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Has the Age of the Legal Knowledgebase Finally Arrived?

By Kevin Fayle on May 22, 2009 | Last updated on March 21, 2019
In this post, guest author Jim Groff of PBWorks describes the benefits of knowledge management systems for law firms, as well as the difficulties some firms have had in convincing their attorneys and staff to adopt knowledge management solutions.  Groff argues that Web 2.0 technologies can increase the adoption of knowledge management systems, and thus the benefit to law firms, by integrating the systems with attorneys' everyday experiences.

Throughout the history of the electronic age, firms have attempted to implement legal knowledgebases.  The promise of a systematic database of the firm's proprietary expertise has always appealed to the partnership, but wave after wave of legal knowledgebases have failed, largely for the simple reason that lawyers didn't use them.
If knowledge confers competitive advantage, why has knowledge management taken so long to arrive?

"Knowledge differentiates a law firm from its competitors," according to Gretta Rusanow of Curve Consulting, an attorney and knowledge management expert. "Knowledge management is about leveraging that differentiating asset so that a law firm leads, and breaks away from, its competitors. However, the knowledge management organization is typically isolated and faces challenges in engaging the firm in the broad scope of what knowledge management is--and can bring to this knowledge-based business."

Knowledge Management specialists within firms work hard to set up and maintain KM technology, but without grassroots adoption, many KM initiatives languish from lack of use.  Placing the emphasis on technology, rather than user behavior, tends to distract from the real barrier to adoption: Attorneys and staff simply don't see enough individual value to take time away from urgent (and billable) day-to-day activities to complete additional tasks required by a separate knowledge management tool.

"Too often KM becomes a conversation about technology . . . if you want to converse with lawyers about value, talk about value instead of technology," said Toby Brown of Fulbright & Jaworski. "This focuses the dialogue on the benefits to the lawyers and not on the cost of any technology involved. Solve the problem, instead of offering technology."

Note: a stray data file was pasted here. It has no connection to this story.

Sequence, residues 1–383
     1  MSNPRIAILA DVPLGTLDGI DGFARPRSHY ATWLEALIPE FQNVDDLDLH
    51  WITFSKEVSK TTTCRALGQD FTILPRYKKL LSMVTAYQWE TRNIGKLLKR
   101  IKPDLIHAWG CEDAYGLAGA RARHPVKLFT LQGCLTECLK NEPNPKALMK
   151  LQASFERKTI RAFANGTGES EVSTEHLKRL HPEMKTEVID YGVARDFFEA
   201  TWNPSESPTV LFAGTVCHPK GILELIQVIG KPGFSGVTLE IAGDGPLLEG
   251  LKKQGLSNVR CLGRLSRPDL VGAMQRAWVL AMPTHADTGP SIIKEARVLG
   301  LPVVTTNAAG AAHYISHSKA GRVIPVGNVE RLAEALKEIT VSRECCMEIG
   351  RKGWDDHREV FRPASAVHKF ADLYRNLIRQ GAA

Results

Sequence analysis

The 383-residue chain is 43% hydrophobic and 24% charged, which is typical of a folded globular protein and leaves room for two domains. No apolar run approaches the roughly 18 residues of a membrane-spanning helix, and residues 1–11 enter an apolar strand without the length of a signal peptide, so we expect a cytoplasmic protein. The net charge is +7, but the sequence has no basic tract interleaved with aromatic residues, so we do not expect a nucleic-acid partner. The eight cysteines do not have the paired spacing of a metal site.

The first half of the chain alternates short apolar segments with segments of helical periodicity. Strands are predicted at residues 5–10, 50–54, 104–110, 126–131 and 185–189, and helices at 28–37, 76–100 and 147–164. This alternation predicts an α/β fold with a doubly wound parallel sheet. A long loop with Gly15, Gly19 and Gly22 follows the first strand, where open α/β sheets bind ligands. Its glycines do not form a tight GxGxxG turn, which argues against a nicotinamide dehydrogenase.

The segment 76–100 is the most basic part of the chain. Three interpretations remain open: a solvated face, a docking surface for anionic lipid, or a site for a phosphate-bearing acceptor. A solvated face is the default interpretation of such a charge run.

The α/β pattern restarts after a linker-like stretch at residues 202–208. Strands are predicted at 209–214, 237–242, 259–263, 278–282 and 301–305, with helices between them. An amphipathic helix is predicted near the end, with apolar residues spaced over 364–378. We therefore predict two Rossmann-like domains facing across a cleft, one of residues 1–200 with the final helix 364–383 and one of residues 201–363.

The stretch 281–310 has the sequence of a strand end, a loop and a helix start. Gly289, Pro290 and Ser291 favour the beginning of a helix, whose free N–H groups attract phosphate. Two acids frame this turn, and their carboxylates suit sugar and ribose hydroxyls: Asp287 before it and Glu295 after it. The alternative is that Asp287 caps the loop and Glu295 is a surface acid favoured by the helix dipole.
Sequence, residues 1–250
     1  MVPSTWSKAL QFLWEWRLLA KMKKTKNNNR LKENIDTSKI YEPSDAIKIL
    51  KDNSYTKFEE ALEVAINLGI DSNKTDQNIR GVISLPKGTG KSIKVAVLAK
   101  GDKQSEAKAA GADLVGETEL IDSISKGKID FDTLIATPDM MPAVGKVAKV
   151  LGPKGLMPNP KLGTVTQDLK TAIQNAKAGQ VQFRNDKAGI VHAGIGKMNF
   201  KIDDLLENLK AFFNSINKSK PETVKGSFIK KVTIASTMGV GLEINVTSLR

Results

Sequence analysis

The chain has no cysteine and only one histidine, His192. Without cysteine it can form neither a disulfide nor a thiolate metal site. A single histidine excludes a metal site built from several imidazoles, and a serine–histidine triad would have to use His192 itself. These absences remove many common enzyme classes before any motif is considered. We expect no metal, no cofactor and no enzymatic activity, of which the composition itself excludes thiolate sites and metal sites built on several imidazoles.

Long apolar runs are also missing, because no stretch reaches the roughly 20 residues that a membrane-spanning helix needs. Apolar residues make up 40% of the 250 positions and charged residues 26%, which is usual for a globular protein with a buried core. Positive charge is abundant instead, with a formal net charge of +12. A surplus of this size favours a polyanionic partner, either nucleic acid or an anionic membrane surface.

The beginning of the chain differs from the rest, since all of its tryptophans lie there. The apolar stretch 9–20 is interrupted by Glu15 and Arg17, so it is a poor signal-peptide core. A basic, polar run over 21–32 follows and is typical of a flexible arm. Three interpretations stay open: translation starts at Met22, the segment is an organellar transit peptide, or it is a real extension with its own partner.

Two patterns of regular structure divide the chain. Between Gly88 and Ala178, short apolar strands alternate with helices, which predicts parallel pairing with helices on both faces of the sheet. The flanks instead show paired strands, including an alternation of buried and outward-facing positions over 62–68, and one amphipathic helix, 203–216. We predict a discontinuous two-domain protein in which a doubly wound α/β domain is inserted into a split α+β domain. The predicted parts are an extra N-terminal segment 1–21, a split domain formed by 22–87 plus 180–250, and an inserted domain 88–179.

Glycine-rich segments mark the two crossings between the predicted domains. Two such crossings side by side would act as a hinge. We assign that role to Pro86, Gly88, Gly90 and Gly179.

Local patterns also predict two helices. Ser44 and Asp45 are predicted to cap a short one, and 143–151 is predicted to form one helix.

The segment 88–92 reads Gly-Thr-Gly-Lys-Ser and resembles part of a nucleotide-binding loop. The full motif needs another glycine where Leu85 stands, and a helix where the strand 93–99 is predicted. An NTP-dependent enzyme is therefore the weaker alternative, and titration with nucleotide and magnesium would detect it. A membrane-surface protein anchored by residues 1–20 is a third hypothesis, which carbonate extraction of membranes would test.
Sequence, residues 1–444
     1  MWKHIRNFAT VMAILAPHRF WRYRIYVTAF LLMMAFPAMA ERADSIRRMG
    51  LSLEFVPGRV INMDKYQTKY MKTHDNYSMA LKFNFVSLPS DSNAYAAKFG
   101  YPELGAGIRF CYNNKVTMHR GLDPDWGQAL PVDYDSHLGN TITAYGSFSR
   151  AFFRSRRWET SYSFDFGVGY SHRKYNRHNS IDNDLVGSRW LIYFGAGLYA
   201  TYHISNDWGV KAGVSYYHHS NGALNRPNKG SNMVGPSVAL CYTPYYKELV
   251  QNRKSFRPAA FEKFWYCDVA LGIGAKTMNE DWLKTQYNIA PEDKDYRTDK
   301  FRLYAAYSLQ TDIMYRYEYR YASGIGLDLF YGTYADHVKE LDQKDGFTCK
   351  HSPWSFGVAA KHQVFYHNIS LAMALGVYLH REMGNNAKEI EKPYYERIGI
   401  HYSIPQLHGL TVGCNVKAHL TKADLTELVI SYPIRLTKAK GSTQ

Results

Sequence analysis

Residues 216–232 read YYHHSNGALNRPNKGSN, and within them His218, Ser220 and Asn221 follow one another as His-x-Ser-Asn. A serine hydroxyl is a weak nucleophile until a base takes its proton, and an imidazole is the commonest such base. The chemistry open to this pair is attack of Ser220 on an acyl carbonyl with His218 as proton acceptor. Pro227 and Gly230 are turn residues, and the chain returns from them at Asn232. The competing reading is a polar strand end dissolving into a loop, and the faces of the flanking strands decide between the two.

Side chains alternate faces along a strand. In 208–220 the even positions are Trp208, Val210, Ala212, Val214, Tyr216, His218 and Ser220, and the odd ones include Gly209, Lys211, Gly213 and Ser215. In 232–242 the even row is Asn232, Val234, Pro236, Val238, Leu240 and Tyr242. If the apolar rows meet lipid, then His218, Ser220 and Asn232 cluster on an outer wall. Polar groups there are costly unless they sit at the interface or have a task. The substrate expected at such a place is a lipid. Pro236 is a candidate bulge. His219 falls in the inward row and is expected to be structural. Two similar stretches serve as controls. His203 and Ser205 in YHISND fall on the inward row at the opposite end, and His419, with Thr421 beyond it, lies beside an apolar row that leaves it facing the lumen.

Getting beyond technology to deliver value

Now, however, a new generation of legal knowledgebase tools based on Web 2.0 technology (including PBworks Legal Edition, which has users at 24 of the top 25 firms on the AmLaw 100) is solving the usability issues and integrating the knowledgebase into the everyday work of a firm.  These new Web 2.0 technologies may finally fulfill the long-deferred promise.  And they are emerging at the same time as the current economic crisis is forcing firms to place a greater importance on efficiency and productivity. 

"At a time when clients are likely to challenge every item of charge, having efficient systems in place for producing work becomes vital," writes Karen Battersby of Nottingham Law School. "The transfer of knowledge from individual lawyers to teams of lawyers is also essential in a climate where lawyer redundancies are increasing and departments need to operate with leaner resources."

So what do Web 2.0 knowledgebases offer that has been missing until now?  There are three overarching factors that allow this generation of tools to break with the past:

  1. Ease of use
  2. Searchability
  3. Integration with actual lawyering
The first key is to make the legal knowledgebase easy to use.  Few attorneys are enamored of technology for technology's sake.  However, they will gladly adopt technology that delivers value.  In the case of legal technology, the real cost of the technology isn't in purchasing or licensing the product, but rather lies in the amount of time it takes to apply the tool.  With average billing rates exceeding $350/hour, it doesn't take many usability issues or helpdesk calls to make the cost of poor usability far dwarf the out-of-pocket cost for the product.

To meet usability requirements, knowledgebase tools must include the ability to easily collaborate with other team members on research, search and acquire information from a wide variety of sources, organize information in pages with folders and tags, and link to relevant documents downloaded from external content sources.  The interface must be intuitive and flexible to meet the work styles and capabilities of a variety of people -- from administrators to paralegals, attorneys and partners.